ScienceDaily: Strange Science News

Smart sleepwear: Introducing 'phyjama,' a physiological-sensing pajama

Posted: 12 Sep 2019 01:25 PM PDT

Scientists expect that in the future, electronically active garments containing unobtrusive, portable devices for monitoring heart rate and respiratory rhythm during sleep, for example, will prove clinically useful in health care. Now researchers have developed physiological-sensing textiles that can be woven or stitched into sleep garments they have dubbed 'phyjamas.'

Novel atomic clock design offers 'tweezer' control

Posted: 12 Sep 2019 11:18 AM PDT

Physicists have demonstrated a novel atomic clock design that combines near-continuous operation with strong signals and high stability, features not previously found together in a single type of next-generation atomic clock. The new clock, which uses laser 'tweezers' to trap, control and isolate the atoms, also offers unique possibilities for enhancing clock performance using the tricks of quantum physics.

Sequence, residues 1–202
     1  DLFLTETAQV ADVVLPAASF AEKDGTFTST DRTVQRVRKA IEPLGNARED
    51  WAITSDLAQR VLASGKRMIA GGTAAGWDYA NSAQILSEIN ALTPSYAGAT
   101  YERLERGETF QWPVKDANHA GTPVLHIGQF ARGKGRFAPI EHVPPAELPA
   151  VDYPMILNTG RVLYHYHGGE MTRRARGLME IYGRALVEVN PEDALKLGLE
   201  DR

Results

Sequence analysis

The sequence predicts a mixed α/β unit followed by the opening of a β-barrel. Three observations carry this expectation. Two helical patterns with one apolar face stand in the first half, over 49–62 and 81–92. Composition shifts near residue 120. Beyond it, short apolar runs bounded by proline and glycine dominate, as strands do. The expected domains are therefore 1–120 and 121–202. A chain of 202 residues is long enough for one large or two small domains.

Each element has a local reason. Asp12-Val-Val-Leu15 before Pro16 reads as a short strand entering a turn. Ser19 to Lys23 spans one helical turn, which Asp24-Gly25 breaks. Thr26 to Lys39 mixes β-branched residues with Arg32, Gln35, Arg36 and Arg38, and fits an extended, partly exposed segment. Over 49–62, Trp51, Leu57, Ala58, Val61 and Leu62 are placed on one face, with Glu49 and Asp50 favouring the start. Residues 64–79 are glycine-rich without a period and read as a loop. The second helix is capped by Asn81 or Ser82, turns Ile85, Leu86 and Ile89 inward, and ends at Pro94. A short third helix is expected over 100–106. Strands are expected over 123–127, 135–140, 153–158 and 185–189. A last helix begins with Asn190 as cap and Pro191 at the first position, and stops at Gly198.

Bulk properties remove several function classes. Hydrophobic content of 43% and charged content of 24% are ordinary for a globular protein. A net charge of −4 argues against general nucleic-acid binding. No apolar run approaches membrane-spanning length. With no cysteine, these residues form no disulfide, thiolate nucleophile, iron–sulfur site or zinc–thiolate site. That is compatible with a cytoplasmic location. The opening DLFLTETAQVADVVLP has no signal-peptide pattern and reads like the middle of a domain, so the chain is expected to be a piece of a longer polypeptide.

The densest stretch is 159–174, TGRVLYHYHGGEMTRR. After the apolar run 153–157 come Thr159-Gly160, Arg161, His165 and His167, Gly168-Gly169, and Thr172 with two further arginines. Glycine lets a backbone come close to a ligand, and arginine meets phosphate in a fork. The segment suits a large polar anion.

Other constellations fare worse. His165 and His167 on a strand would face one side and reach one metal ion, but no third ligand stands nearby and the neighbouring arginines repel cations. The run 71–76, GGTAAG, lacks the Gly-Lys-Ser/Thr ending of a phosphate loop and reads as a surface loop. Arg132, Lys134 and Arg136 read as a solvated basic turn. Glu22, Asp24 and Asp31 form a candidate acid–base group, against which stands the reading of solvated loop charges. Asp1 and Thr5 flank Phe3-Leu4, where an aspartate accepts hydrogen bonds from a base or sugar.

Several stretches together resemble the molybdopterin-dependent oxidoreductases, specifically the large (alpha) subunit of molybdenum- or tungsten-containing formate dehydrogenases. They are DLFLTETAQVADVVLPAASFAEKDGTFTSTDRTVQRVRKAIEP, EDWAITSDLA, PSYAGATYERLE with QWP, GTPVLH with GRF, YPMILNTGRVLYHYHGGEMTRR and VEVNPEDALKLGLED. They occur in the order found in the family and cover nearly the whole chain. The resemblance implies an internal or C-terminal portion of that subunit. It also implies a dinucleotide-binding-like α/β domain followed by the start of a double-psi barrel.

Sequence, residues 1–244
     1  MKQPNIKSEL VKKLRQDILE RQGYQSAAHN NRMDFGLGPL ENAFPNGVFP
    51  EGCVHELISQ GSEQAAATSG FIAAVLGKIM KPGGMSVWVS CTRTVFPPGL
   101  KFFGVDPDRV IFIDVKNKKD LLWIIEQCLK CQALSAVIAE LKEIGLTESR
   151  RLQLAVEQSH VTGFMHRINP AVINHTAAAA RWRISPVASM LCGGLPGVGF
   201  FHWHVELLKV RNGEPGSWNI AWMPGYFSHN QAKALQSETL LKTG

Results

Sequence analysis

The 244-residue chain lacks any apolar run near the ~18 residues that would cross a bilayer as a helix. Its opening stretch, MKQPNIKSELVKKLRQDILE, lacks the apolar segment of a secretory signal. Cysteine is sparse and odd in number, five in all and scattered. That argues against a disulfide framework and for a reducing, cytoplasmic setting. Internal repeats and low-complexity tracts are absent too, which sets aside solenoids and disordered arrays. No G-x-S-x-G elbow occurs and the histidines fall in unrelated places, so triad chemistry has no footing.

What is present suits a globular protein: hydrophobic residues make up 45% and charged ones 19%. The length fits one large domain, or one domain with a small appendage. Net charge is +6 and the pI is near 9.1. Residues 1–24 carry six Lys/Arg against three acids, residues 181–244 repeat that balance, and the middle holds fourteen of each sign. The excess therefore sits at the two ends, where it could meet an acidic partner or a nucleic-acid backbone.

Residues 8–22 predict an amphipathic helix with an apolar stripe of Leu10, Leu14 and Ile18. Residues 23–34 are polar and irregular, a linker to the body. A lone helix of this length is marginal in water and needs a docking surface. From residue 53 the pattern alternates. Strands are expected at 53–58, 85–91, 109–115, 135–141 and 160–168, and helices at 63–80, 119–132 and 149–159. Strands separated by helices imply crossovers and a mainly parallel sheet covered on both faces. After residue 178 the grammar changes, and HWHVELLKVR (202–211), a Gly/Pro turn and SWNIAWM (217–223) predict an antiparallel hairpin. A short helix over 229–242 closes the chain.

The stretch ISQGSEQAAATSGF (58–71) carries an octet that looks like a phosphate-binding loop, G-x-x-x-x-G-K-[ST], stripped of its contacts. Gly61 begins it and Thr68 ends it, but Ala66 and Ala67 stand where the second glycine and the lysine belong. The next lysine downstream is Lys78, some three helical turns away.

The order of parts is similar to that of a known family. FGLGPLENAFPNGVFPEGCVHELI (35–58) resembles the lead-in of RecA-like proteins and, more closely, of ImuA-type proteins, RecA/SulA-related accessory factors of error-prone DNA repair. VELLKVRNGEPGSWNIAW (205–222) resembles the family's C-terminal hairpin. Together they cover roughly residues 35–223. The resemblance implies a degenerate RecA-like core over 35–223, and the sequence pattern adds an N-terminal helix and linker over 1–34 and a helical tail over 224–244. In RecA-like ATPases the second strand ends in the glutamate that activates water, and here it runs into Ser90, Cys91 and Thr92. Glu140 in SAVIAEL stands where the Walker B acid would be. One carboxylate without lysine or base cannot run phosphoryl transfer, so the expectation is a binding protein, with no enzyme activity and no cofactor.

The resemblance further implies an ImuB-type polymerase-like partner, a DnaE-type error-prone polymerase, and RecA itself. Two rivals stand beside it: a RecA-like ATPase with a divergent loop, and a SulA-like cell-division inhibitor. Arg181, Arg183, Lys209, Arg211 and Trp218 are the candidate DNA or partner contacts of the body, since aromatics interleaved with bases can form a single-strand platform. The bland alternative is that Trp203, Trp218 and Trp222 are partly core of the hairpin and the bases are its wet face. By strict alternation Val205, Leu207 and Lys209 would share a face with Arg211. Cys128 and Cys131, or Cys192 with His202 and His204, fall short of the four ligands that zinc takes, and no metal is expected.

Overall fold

Elaborate Komodo dragon armor defends against other dragons

Posted: 12 Sep 2019 10:43 AM PDT

Just beneath their scales, Komodo dragons wear a suit of armor made of tiny bones. These bones cover the dragons from head to tail, creating a 'chain mail' that protects the giant predators. However, the armor raises a question: What does the world's largest lizard -- the dominant predator in its natural habitat -- need protection from?

A robot with a firm yet gentle grasp

Posted: 12 Sep 2019 09:48 AM PDT

Human hands are skilled at manipulating a range of objects. We can pick up an egg or a strawberry without smashing it. We can hammer a nail. One characteristic that allows us to perform a variety of tasks is the ability to alter the firmness of our grip, and researchers have developed a two-fingered robotic hand that shares this trait. The goal? Improving safety in industrial settings where robots work with people.

Why do birds migrate at night?

Posted: 12 Sep 2019 09:05 AM PDT

Researchers found migratory birds maximize how much light they get from their environment, so they can migrate even at night. 

Device generates light from the cold night sky

Posted: 12 Sep 2019 08:10 AM PDT

An inexpensive thermoelectric device harnesses the cold of space without active heat input, generating electricity that powers an LED at night, researchers report.